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Warman leaves trail of debt

Former staff say they were stiffed

WORKING FOR FREE. Former Church St Bar manager Mark Stenabaugh says controversial businessman Marc Warman still owns him wages. Credit: Josh Swan

The former general manager of Church St Bar says controversial businessman Marc Warman still owes him $1,200 in unpaid wages.

Mark Stenabaugh says he was hired by Warman in August 2007 to run the bar at 501 Church St. Stenabaugh says he worked for Warman until the bar closed on Nov 14 after the landlord cancelled the lease for nonpayment of rent.

He says Warman and Powell were given an ultimatum by the building’s landlord to pay the outstanding rent or be turfed the following day.

“Instead of being locked out and losing everything they decided they were just going to haul ass,” says Stenabaugh.

Warman and Powell decided to spend the night moving the contents of Church Street Bar to 5 St Joseph St, another nightclub space Warman leased, says Stenabaugh. He adds that the bar’s senior staff organized the move while customers and other staff were kept in the dark.

“At midnight the curtains got pulled and the doors got locked,” recounts Stenabaugh. “It was me, our maintenance guy, two of our security girls, my boyfriend at the time and Marc Warman. We worked all night until like six in the morning. I’ve never seen a move so fast in all my life.”

Stenabaugh says he had lunch with Warman and Powell in mid-December. He says Warman gave him $500 and told him he’d get the rest of the money owed to him later. But, says Stenabaugh, he hasn’t seen or heard from Warman since.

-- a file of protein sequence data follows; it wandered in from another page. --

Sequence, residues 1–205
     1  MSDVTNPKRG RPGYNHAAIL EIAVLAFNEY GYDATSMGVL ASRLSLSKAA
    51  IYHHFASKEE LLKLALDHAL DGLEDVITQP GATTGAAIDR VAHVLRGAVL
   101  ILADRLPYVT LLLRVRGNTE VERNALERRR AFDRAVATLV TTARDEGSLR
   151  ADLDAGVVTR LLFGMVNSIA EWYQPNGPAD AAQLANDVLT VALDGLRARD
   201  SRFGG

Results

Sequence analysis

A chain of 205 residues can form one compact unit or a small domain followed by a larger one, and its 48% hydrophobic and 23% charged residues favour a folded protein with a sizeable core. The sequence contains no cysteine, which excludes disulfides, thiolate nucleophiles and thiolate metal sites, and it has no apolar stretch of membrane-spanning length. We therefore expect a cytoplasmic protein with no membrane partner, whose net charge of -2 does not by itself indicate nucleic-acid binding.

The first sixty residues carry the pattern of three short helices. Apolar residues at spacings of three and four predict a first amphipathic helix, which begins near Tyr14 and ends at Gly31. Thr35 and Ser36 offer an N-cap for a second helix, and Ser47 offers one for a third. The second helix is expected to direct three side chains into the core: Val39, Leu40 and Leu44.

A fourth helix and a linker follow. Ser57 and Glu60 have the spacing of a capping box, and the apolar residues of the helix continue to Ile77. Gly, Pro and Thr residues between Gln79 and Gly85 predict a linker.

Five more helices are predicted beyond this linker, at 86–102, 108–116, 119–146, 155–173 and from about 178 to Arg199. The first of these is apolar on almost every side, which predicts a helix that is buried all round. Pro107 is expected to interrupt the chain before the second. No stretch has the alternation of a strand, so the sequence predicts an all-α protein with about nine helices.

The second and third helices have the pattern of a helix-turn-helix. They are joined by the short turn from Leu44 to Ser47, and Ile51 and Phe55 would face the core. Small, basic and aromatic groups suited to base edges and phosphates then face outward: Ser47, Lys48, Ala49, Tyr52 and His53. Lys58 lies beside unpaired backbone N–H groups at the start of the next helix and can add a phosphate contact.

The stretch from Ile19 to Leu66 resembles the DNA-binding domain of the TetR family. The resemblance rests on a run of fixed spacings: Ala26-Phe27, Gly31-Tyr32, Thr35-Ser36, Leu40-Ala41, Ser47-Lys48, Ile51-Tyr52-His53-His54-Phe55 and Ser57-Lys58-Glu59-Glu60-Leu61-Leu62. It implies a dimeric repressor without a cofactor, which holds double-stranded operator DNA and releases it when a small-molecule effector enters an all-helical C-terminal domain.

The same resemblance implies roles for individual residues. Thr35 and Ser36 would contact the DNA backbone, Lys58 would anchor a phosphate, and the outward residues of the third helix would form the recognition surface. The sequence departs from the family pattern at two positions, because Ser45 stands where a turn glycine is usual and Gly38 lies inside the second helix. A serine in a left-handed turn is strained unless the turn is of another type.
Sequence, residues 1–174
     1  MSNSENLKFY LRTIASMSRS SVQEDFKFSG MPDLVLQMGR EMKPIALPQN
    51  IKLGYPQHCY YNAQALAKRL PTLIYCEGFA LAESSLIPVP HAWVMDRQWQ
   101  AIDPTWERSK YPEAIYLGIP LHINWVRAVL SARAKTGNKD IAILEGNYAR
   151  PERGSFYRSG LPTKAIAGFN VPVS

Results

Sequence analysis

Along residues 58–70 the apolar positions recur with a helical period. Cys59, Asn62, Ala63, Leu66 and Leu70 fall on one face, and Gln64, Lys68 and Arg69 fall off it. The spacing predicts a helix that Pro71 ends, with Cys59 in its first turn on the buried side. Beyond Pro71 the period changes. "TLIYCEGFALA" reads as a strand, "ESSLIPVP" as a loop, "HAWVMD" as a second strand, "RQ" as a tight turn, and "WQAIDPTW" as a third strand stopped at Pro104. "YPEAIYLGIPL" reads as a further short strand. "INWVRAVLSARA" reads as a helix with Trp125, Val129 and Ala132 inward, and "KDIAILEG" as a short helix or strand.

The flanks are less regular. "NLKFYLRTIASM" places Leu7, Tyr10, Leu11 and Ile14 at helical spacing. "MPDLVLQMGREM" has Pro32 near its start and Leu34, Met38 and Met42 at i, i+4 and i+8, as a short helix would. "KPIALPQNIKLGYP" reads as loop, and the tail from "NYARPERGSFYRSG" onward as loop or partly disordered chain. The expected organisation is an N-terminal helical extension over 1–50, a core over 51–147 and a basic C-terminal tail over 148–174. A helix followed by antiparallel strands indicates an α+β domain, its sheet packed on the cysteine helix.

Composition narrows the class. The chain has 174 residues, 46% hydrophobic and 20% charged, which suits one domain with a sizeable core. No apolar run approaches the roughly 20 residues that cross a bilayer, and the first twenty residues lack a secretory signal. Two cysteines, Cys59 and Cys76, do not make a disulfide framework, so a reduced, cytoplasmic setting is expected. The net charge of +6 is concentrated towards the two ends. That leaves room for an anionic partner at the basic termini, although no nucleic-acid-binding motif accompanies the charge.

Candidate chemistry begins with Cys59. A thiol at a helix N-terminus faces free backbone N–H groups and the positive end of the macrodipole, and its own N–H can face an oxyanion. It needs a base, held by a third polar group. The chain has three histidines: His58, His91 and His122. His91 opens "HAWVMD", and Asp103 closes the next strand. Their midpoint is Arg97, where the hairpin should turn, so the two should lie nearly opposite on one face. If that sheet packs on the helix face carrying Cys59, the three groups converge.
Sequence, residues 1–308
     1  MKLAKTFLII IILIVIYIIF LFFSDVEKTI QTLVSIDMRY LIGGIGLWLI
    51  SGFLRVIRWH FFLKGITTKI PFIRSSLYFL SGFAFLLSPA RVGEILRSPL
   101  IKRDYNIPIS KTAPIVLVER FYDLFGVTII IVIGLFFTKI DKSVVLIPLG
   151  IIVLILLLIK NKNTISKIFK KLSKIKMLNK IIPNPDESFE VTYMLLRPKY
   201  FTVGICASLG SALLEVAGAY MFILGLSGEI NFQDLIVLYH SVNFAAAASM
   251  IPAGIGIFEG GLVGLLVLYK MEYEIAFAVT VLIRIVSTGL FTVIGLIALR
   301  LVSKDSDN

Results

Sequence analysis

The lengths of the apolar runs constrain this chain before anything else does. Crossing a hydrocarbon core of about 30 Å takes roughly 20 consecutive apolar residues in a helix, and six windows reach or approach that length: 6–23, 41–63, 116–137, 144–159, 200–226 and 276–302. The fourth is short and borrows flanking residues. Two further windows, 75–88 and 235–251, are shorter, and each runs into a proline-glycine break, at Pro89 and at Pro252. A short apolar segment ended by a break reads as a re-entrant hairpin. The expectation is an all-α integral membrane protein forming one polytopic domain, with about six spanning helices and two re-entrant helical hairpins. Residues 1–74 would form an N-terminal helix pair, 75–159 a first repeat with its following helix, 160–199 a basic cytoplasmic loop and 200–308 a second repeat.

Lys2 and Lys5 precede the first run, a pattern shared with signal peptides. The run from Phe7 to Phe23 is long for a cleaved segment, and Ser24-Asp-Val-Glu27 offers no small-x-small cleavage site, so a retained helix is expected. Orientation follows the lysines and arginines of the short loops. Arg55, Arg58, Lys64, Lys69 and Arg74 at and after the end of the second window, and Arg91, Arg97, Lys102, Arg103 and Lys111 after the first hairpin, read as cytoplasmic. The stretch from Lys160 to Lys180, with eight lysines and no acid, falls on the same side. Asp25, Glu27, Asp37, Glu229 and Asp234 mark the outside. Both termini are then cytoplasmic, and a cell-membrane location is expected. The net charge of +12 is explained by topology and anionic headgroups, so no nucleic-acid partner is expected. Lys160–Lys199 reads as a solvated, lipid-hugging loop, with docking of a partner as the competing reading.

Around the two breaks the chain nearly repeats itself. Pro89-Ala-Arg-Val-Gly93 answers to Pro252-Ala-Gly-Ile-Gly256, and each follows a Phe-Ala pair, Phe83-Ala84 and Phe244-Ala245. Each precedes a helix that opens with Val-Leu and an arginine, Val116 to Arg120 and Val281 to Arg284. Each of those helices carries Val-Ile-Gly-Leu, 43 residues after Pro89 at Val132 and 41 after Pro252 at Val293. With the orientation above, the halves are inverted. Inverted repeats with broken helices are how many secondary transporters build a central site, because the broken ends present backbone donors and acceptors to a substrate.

When contacted by phone Warman refused to speak to Stenabaugh’s allegations, threatening legal action if Xtra published the story. It’s not the first time Warman has rattled that sabre. He made the same threat to Xtra reporter Rob Salerno last August after Buddies and Bad Times Theatre, Pride Toronto and club promoter Steve Ireson all alleged Warman stiffed them separately for money.

In a follow-up story after the bar’s closure Xtra reported DJ and event planner Sean Young, former Warman employee Bryce Christmas and a half dozen other sources who declined to comment on the record, all alleged Warman stiffed them for money.

Warman told Xtra last year that he and his business partner Scott Powell planned Church Street Bar as a showcase for ManCandy Radio, an online radio station Warman told Xtra he founded in 2003.

“They wanted a place to showcase their music,” says Stenabaugh. “When their music was showcased in the bar it wasn’t very popular.”

Stenabaugh says Warman and Powell were reluctant to book more traditional gay entertainment, even when it became apparent the Church Street Bar wasn’t making money.

“The young kids that Church Street Bar was attracting, that listened to ManCandy Radio, had no money,” says Stenabaugh.